Amendment to the Motion

Part of Citizens’ Rights (Application Deadline and Temporary Protection) (EU Exit) Regulations 2020 - Motion to Approve – in the House of Lords at 4:48 pm on 22nd October 2020.

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Photo of Baroness Ludford Baroness Ludford Liberal Democrat Lords Spokesperson (Exiting the European Union) 4:48 pm, 22nd October 2020

My Lords, we are facing a perverse and peculiar situation. The Government have generously extended the scope of the settlement scheme beyond those exercising EU treaty free movement rights to those simply continuously resident here. Thus, echoing remarks he made in the other place on 16 June that the noble Lord, Lord Rosser, cited, the Immigration Minister, Kevin Foster, said in a letter last week to Holly Lynch MP,

“the Government has made it clear we will protect the rights” of EEA citizens

“who have made the UK their home, but may not be exercising a specific Free Movement right.”

He also said in that letter:

“an EEA citizen or their family member who is resident in the UK at the end of the transition period, but who does not have a right of permanent residence and is not exercising specific free movement rights … will still be able to apply to the EU Settlement Scheme by the deadline of 30 June 2021.”

In that and other sentences in the letter, he kept referring to “those resident here”, with no reference to having to be lawfully resident under the EEA regulations 2016. He affirmed that those people would have the right to rent and the right to work in the six-month period, but without the caveat that my noble friend Lady Hamwee cited from his remarks on 16 June about needing to be subsequently granted status. How that would work retrospectively is a mystery.

So the Government will apparently protect the rights of all EEA citizens and they want them to stay, but those promises from the Government have not been translated into the text of the grace period SI and in fact they set an obstacle course for the period from January to June next year for those not exercising treaty rights. Yes, they can rent, work and apply to the settlement scheme, but they will not be lawfully resident in those six months. What good is that? When the Immigration Minister said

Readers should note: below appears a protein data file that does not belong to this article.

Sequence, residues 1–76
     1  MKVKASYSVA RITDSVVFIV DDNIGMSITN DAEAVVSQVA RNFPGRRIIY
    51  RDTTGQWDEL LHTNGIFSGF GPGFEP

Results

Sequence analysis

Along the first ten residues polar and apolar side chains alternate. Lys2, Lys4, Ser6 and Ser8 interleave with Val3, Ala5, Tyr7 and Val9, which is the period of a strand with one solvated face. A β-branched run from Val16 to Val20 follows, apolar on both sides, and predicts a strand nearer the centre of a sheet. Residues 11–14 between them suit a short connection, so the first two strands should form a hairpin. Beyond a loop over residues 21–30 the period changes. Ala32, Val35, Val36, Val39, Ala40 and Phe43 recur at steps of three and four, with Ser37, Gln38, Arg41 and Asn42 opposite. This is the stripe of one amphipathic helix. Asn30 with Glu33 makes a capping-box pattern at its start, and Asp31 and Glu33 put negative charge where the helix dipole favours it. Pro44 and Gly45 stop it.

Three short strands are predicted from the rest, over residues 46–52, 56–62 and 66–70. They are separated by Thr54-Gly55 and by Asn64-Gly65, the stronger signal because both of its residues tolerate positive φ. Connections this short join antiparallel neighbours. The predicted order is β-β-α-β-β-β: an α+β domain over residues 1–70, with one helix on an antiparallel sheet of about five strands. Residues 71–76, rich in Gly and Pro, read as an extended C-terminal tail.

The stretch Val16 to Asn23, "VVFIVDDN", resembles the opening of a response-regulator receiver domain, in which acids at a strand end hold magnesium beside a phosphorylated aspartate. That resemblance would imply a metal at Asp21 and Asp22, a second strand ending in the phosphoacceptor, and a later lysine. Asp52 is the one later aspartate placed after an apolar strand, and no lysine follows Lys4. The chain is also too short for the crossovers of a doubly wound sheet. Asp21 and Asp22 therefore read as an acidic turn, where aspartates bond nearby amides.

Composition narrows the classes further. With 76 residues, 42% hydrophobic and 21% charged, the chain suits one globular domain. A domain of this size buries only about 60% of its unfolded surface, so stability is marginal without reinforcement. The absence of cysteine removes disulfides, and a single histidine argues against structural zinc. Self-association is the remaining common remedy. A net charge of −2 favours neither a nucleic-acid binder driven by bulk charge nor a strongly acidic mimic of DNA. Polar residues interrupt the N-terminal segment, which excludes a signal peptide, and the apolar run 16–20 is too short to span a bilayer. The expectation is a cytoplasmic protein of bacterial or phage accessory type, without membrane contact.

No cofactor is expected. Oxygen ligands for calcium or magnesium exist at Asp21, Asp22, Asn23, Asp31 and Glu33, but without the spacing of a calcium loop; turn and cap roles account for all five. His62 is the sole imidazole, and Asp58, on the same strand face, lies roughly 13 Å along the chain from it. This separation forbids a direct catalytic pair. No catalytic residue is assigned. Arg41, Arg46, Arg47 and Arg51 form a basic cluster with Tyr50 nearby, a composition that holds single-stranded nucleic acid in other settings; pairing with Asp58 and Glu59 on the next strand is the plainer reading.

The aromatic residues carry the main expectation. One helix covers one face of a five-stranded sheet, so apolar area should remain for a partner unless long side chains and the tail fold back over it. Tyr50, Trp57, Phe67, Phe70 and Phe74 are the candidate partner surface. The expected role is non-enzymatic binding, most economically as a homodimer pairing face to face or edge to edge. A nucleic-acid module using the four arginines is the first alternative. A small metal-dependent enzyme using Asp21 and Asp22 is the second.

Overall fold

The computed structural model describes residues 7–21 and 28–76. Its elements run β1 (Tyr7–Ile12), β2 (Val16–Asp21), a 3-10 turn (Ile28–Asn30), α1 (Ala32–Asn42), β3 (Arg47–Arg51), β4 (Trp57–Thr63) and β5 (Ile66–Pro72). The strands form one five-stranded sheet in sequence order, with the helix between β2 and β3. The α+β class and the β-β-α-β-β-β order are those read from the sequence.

“we want them to stay”,

he failed to add an honest “but we will make them illegal residents for six months”.

The Government should create new residence rights to apply for six months for all those covered by the withdrawal agreement and eligible to apply for settled status. It is deeply unfair and capricious to lead people to believe that their rights are fully protected until they get settled status when that is not actually the case. The Government could of course just correct that problem by making the test for the grace period SI simple “residence” rather than “lawful residence”.

Thus, my noble friend’s fatal amendment should be supported. In fact, the noble Lord, Lord Rosser, gave very good reasons for doing so, notwithstanding the rather polemical remarks of the noble Lord, Lord Foulkes.

Finally, I would be grateful if the Minister could explain what changes the Government are making on the back of assurances referred to in the European Commission’s report of the recent meeting of the EU-UK joint committee. It says:

“The EU side further sought and received political assurances that under the UK settlement scheme, all EU citizens with residence status will benefit from the same set and level of rights as those guaranteed by the Withdrawal Agreement.”

Can the Minister explain what that paragraph means and what assurances have been given?